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Area attractions

Hardy Dam 

Hardy Dam (or Hardy Hydroelectric Plant) is an earth-filled embankment demand power-plant complex on the Muskegon River in Big Prairie TownshipNewaygo CountyMichigan. At the time of its completion, it was the largest earthen dam in North America east of the Mississippi. Its impoundment forms a lake with over 50 miles of shoreline. The dam impounds a reservoir with a surface area of 4,000 acres  and its power plant has an installed capacity of 31.5 MW.


Croton Dam (or Croton Hydroelectric Plant) is an earth-filled embankment dam and power plant complex on the Muskegon River in Croton TownshipNewaygo CountyMichigan. It was built in 1907 under the direction of William D. Fargo by the Grand Rapids - Muskegon Power Company, a predecessor of Consumers Energy. The 40-foot-high  dam impounds 7.2 billion U.S. gallons (6 billion imp. gal/27 billion L) of water in its 1,209-acre  reservoir and is capable of producing 8,850 kilowatts at peak outflow. It was listed on the National Register of Historic Places in 1979

Hardy Pond
Hardy Dam
Hot Boat Weekend

hot boat

Croton Dam
Croton Dam

tailwater park

Pine St boat launch
Croton pond Boat launch


Tailwater Park is a 9-acre community park located on both sides of Croton Hardy Drive at the southern outlet of Croton Dam Pond.  The park, operated by Croton Township in partnership with Consumers Energy, provides boater access (on southside of Croton Hardy Drive) through a one-lane paved approach with a skid pier.  This launch site provides access for boaters that wish to navigate the river south of Croton Dam.  In 2010 the northside of Tailwater Park was expanded to include 30 boat/tailer units and 10 single parking spaces, along with steps to the river.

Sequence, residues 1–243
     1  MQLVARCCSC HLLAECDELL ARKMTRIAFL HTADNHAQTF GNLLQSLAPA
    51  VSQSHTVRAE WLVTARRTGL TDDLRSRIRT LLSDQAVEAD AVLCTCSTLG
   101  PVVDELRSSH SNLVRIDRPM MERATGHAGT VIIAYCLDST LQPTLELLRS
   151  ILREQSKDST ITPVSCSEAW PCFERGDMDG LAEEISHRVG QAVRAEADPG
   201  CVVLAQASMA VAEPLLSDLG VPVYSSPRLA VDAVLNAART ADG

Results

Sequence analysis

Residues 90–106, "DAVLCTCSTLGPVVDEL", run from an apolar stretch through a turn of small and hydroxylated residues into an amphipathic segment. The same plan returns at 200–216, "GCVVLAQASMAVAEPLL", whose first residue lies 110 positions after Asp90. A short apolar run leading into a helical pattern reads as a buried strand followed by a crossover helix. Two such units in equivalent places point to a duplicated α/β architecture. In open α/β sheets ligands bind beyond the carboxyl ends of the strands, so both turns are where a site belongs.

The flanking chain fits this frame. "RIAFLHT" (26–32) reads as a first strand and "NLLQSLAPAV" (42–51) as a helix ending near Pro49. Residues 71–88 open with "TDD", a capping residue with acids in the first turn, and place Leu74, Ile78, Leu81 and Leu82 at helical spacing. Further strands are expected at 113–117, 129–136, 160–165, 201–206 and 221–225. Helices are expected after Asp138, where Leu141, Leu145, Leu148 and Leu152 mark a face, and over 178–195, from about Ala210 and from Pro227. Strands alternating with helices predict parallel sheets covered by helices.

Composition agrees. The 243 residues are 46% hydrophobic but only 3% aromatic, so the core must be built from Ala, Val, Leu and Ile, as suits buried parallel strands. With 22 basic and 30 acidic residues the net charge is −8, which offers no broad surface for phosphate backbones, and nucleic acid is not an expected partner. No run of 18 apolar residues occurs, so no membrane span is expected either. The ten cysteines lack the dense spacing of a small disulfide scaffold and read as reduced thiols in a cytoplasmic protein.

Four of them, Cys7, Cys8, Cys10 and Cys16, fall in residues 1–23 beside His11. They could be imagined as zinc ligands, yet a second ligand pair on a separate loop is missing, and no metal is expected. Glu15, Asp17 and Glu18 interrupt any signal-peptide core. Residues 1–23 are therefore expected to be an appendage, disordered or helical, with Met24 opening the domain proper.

Tailwater Park is customized for the transient boater with two paved areas for parking with trailers.  The park also features a 750-foot riverfront walkway following the river north to Croton Dam.  Some portions of the riverfront walkway are paved, and other portions are gravel.  Access is from Croton Hardy Drive, a major east-west traffic corridor for the Township at Swan Avenue.  Free launch access makes it popular for river enthusiasts.

Conklin Park

Conklin Park is a 12-acre community park located near the community of Croton, overlooking the south end of Croton Dam Pond.  The park is the only Township-operated recreational facility without direct access to water.  Conklin Park hosts the most diverse array of recreational facilities in the township, with a baseball field and bleachers, two enclosed tennis courts, a concrete shuffleboard/basketball platform, Frisbee golf course, and a children’s playground.  The park is a popular family destination because of the play equipment, a large picnic shelter and an ample supply of picnic tables and eleven charcoal grills are located throughout the park.

The park is located on top of a hill overlooking Croton Dam Pond in a primarily wooded area.  In cooperation with Consumers Energy, Conklin hosts a ¾ mile easy walking trail that loops through the woods and back to the park.  Approximately half way through the trail there is a beautiful overlook of the Muskegon River basin.  The area is also habitat for the endangered Blue Carner butterfly.